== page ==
Don't take offense that Ravens are here

Posted by ESPN.com's Tim Graham
Albert Haynesworth was not impressed. He played them twice and stopped them mostly, albeit not often enough to beat them when it mattered.

Haynesworth, the Tennessee Titans' all-world defensive tackle, couldn't believe the meager Baltimore Ravens were advancing to the AFC Championship Game.

"I think their offense is weak," he said after the Ravens ousted the Titans, 13-10, at LP Field in the divisional playoffs. "I don't think they have much of an offense. We shut down the run. We shut down pretty much the pass."

Bitterness stoked Haynesworth's comments. Boredom has done the same for many others.

Baltimore's offense doesn't exactly defibrillate the Sunday soul. It is based on such hardcore football tenets as ball control, field position and clock management.

"Nothing that'll make you put your seatbelt on and have a sweat towel off to the side for," said ESPN analyst and former Pro Bowl quarterback Kordell Stewart.

But the Ravens are more intricate than three runs and a visit from the long snapper. Although they'll never be described as prolific, the Ravens head into Sunday's showdown against the Pittsburgh Steelers with one of the NFL's more straightforward and efficient offenses.

Ravens offensive coordinator Cam Cameron has designed a system unassuming rookie quarterback Joe Flacco can handle mainly because a run play never is the wrong play.

Le'Ron McClain, Willis McGahee and Ray Rice propelled the Ravens to an average of 148.5 rushing yards a game, fourth-highest in the league. They ranked 28th in passing offense, trying the third-fewest throws.

The Ravens committed 21 turnovers, a decent figure. Yet when subtracted from their league-high 34 takeaways, their plus-13 turnover margin ranked third.

The Ravens came up with three takeaways deep in their own territory to beat the Titans.

"They had about two or three pass plays and that's about it," Haynesworth lamented. "We gave them a lot of stuff. The offense gave the ball away and kept them in the game."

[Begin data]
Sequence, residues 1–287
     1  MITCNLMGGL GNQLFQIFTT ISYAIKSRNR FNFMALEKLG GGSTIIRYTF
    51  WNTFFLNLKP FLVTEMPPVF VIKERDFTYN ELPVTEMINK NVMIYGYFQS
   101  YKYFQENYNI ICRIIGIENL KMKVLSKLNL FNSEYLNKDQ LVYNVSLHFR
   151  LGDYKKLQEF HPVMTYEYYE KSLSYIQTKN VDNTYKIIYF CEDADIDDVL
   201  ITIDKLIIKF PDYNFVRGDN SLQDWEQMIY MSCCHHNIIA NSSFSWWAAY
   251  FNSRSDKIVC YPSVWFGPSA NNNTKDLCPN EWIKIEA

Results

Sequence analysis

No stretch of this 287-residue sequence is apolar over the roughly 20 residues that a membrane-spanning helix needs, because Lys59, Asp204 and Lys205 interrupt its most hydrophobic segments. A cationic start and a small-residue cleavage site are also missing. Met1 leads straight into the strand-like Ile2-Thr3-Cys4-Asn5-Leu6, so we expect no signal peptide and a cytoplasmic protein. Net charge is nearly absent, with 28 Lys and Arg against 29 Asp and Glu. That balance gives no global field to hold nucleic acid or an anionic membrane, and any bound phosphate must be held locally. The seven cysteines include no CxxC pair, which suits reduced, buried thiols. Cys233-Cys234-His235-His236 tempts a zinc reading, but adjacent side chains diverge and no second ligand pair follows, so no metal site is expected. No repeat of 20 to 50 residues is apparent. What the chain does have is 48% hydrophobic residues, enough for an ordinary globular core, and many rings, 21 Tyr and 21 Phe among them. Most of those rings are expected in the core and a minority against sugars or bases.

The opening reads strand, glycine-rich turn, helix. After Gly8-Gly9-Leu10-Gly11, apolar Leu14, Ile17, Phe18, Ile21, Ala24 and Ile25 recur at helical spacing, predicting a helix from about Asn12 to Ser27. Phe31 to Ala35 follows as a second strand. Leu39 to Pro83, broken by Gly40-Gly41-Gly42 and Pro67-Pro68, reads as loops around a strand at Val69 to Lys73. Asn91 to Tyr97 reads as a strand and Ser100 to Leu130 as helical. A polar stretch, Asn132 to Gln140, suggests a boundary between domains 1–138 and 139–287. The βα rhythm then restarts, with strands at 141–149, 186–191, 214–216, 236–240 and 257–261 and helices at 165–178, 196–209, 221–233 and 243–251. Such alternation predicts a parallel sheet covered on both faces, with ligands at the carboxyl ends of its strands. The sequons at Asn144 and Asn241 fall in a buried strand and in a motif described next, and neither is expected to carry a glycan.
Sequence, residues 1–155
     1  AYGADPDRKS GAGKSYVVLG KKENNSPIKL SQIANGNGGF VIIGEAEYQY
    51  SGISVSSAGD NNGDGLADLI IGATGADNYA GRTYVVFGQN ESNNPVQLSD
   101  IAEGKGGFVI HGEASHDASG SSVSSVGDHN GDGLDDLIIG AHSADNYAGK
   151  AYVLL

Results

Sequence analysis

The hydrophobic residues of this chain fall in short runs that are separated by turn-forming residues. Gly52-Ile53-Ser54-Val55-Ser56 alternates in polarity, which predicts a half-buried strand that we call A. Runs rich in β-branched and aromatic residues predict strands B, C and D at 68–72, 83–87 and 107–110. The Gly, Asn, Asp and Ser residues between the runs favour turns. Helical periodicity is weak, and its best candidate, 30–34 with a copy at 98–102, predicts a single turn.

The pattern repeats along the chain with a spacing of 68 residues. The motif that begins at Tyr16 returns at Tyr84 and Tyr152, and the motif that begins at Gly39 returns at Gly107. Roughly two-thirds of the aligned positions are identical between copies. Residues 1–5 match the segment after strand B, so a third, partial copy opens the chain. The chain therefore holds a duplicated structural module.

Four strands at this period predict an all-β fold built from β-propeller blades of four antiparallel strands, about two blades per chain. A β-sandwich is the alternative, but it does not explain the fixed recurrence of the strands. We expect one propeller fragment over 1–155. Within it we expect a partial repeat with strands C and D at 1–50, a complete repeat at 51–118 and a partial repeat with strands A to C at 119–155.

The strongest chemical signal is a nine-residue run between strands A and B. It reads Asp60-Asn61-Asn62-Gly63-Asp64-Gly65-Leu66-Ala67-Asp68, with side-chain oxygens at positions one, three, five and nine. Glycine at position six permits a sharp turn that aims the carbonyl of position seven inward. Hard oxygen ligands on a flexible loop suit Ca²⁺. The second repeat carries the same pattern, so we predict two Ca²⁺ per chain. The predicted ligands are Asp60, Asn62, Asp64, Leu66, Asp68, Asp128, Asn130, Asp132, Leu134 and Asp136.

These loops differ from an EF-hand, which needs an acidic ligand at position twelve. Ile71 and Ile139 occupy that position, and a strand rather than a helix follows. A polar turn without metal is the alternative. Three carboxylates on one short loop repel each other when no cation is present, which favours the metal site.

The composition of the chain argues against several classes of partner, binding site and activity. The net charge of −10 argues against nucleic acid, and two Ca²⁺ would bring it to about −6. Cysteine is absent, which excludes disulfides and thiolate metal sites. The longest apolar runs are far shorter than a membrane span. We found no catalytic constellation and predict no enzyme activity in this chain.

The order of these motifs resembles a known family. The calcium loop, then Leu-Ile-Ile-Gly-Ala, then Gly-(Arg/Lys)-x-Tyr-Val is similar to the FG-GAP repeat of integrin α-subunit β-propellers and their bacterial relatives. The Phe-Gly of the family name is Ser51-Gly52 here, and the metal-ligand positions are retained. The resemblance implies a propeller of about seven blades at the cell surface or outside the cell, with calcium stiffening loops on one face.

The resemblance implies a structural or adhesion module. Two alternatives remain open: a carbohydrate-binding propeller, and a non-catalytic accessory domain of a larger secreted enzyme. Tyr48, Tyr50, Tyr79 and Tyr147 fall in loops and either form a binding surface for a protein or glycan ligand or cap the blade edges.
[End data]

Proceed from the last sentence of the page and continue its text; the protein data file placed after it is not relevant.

With the Ravens' incandescent defense providing support, the need for Flacco to take chances is minimized. So often the Ravens' defense would steal the ball, perhaps score on its own and usually set up the offense with a short field.

Or, with the high likelihood of a three-and-out performance from Baltimore's defenders, a simple Sam Koch punt looked good enough that the Ravens would run on third down and be content to flip the field that way.

"It's doing all the right things to put your team in position to win," said Marc Trestman, a former offensive coordinator or quarterbacks coach for seven NFL teams and now head coach of the Montreal Alouettes.

"It would be just totally inappropriate for them to put all the weight on the shoulder of Joe Flacco at this point in his career. They don't have to because they have elements that are dynamic: Their ability to play defense, the ability to get the football, the ability to get to the quarterback, play special teams and run the football."

Despite its reputation, Baltimore's offense has had some explosive moments.

From Week 7 through the end of the regular season the Ravens averaged 27.9 points. Only three other teams scored more points in that span. From Weeks 7 through 10 they scored 27, 29, 37 and 41 points -- the first time in franchise history they posted at least 27 points in four straight games.

Granted, the defense played a significant role in those point totals.